Four Reasons You May be Overlooked at Work
Are you being overlooked at work? According to Randall S. Hansen, Ph.D., and Katharine Hansen, Ph.D., every employer is looking for a specific set of skills from job-seekers that match the skills necessary to perform a particular job.
In addition to the job-specific technical skills, there are certain skills which are nearly universally sought by employers.
The good news is that most job-seekers possess these skills to some extent.
The better news is that job-seekers with weaknesses in these areas can improve their skills. You can do this through training, professional development, or obtaining coaching/mentoring.
So, what are some of these critical employability skills that employers demand of job-seekers?
- Communications Skills (include listening, and are verbal and written)
- Analytical/Research Skills These skills deal with your ability to assess a situation, seek multiple perspectives, gather more information if necessary, and identify key issues that need to be addressed.
- Interpersonal Abilities. The ability to relate to your co-workers, inspire others to participate, and mitigate conflict with co-workers is essential given the amount of time spent at work each day.
- Leadership/Management Skills. While there is some debate about whether leadership is something people are born with, these skills deal with your ability to take charge and manage your co-workers.
- Teamwork. Because so many jobs involve working in one or more work-groups, you must have the ability to work with others in a professional manner while attempting to achieve a common goal.
By far, the one skill mentioned most often by employers is the ability to listen, write, and speak effectively. Successful communication is critical in business.
Communication is the key: Be extraordinary
It is important to know the difference between when to use formal versus informal types of communication if you want to get ahead in your professional life.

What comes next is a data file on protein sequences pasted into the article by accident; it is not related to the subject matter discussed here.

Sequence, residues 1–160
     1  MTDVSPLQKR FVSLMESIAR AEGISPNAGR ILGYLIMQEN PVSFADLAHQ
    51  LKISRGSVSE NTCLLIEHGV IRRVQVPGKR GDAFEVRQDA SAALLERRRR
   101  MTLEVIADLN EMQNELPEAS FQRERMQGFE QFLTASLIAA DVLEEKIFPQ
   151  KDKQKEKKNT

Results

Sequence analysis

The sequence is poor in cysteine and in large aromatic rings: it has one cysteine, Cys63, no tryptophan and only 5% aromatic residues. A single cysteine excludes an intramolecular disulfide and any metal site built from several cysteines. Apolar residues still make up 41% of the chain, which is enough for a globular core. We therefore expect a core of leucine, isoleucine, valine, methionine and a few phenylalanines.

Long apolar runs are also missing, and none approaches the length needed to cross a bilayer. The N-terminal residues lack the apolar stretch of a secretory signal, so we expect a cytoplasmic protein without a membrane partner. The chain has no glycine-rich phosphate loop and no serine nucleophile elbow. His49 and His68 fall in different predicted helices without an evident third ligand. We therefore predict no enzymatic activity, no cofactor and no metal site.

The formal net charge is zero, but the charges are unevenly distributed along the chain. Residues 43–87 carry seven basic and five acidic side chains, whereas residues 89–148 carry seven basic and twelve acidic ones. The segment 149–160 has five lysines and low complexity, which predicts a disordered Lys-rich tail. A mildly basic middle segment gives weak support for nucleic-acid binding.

Formal communication encompasses a great deal of what you do every day for your job. When you allow more informal habits to sneak in (for example using slang or swearing), you are sending a clear message that you do not understand the importance or purpose for your professional messages, emails, and other communications.
Here are the top mistakes people make that can cause other people to devalue their messages.
1. Sending texts or instant messages for things that are better handled face-to-face.
That quick problem you had with a co-worker in your earlier meeting? You will find that it will be much easier to resolve with a quick conversation instead of 20 emails back and forth.
2. Using shorthand language in communications to clients or superiors.
While “K” and “idk” are perfectly fine in texts to your friends, they do not belong in professional communications.
3. Are you guilty of hitting “reply all” when you don’t need to?
Knowing who needs to see the response is crucial, and only in rare cases is it everyone. You are also setting up people to be spammed if the response gets shared.
4. Do you forget to proofread your messages or reports? Nothing says you don’t care like sloppy messages.
Ask around and pay attention to how others communicate where you work. Getting feedback and advice from other colleagues can help you improve your working skills.
If you need help with improving your communication skills, check out your local Toastmasters group. Find one close to you by going to Toastmasters.org and click on “find a club”. You can also find out more information about how Toastmasters can help you become a better communicator.
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